Sonnet vs. Sonnet

Round 4

Edna St. Vincent Millay


Lizette Woodworth Reese

Archive of Past Results

The vote totals were. . . well. . . interesting, but it looks as if Leigh Hunt won the "grasshopper and cricket" contest with John Keats last month in Round 3.

This month, two post-Valentine's Day sonnets about forgetting.

"I shall forget you presently, my dear"
Edna St. Vincent Millay

I shall forget you presently, my dear,
So make the most of this, your little day,
Your little month, your little half a year,
Ere I forget, or die, or move away,
And we are done forever; by and by
I shall forget you, as I said, but now,
If you entreat me with your loveliest lie
I will protest you with my favorite vow.
I would indeed that love were longer-lived,
And vows were not so brittle as they are,
But so it is, and nature has contrived
To struggle on without a break thus far,
Whether or not we find what we are seeking
Is idle, biologically speaking.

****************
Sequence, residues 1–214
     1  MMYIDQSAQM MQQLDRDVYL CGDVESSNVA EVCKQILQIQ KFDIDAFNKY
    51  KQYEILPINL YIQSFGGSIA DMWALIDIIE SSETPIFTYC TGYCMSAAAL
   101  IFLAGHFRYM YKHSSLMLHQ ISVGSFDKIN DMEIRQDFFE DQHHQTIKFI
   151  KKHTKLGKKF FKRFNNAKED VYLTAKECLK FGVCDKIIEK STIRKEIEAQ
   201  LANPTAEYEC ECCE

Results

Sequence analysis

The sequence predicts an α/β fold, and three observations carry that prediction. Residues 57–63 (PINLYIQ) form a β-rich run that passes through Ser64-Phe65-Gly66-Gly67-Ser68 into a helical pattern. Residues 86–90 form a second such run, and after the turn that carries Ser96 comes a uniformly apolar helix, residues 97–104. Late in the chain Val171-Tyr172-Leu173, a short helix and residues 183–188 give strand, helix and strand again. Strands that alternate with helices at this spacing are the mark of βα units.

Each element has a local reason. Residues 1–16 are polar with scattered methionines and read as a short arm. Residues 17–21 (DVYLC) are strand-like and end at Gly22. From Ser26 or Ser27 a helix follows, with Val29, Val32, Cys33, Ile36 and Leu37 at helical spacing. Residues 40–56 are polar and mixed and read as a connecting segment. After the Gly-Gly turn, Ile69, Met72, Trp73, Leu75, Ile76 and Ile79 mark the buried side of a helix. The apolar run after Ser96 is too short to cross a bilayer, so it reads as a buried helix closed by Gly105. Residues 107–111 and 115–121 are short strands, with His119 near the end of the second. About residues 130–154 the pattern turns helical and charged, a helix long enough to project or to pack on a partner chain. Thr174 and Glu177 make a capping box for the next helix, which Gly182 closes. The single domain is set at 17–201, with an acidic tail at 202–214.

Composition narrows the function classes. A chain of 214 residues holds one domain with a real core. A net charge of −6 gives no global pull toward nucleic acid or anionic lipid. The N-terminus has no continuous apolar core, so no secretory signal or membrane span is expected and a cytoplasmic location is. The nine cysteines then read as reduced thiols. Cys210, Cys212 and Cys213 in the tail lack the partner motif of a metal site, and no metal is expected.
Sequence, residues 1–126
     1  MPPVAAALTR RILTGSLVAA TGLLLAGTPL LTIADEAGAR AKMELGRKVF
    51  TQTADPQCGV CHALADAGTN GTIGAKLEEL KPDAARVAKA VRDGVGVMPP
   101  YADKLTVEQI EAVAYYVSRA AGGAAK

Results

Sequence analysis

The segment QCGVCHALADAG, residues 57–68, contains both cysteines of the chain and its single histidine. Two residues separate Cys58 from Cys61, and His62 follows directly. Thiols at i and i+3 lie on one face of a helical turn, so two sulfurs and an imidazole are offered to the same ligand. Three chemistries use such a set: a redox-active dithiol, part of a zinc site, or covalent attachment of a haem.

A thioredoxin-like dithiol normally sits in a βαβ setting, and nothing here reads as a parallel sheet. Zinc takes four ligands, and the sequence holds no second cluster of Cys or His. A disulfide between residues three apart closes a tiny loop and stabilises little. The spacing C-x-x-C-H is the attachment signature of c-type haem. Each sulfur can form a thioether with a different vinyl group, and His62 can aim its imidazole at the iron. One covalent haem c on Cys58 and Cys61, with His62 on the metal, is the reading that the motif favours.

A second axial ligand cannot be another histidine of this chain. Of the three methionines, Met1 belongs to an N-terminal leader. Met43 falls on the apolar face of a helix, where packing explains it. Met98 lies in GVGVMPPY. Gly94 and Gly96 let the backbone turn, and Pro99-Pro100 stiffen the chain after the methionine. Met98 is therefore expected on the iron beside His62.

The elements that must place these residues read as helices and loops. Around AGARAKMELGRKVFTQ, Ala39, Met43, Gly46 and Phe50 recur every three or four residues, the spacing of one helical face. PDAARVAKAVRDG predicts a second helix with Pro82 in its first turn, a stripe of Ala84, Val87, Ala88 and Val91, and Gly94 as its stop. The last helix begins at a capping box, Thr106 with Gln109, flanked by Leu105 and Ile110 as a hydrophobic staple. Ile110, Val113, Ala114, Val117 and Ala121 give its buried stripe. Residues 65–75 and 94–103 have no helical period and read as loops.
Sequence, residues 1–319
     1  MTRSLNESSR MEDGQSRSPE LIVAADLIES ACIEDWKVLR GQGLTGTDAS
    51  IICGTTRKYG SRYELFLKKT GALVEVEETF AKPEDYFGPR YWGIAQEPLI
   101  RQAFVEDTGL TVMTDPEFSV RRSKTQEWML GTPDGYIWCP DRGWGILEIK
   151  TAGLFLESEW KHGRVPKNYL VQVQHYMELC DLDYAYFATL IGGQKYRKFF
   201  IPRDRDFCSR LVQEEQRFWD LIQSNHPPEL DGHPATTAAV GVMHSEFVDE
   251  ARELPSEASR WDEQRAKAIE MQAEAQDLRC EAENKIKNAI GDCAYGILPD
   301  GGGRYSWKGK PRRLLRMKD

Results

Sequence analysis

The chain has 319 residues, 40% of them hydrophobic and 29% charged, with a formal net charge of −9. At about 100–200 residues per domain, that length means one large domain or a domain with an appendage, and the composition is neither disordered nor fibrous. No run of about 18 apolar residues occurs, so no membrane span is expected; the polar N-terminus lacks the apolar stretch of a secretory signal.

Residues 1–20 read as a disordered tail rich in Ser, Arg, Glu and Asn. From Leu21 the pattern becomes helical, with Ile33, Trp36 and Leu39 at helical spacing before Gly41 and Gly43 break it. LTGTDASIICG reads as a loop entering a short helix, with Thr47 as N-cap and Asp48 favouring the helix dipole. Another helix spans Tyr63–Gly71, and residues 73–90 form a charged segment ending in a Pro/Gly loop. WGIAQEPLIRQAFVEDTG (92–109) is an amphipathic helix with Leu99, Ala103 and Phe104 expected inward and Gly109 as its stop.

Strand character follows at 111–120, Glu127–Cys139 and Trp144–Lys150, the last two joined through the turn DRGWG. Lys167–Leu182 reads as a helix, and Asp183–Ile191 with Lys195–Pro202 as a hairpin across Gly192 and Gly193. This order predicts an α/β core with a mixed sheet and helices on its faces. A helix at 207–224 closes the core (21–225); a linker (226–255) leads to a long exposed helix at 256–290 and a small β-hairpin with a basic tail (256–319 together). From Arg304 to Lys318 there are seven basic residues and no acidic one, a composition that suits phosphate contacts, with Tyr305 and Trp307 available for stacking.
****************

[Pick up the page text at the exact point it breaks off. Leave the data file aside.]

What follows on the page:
Tell Me Some Way
Lizette Woodworth Reese

Oh, you who love me not, tell me some way
Whereby I may forget you for a space;
Nay, clean forget you and your lovely face--
Yet well I know how vain this prayer I pray.
All weathers hold you. Can I make the May
Forbid her boughs blow white in every place?
Or rob June of her rose that comes apace?
Cheat of their charm the elder months and gray?
Aye, were you dead, you could not be forgot;
So sparse the bloom along the lanes would be;
Such sweetness out the briery hedges fled;
My tears would fall that you had loved me not;
And bitterer tears that you had gone from me;
Living you break my heart, so would you dead!

Sonnet vs. Sonnet IV
Who gets your vote?

Edna St. Vincent Millay
Lizette Woodworth Reese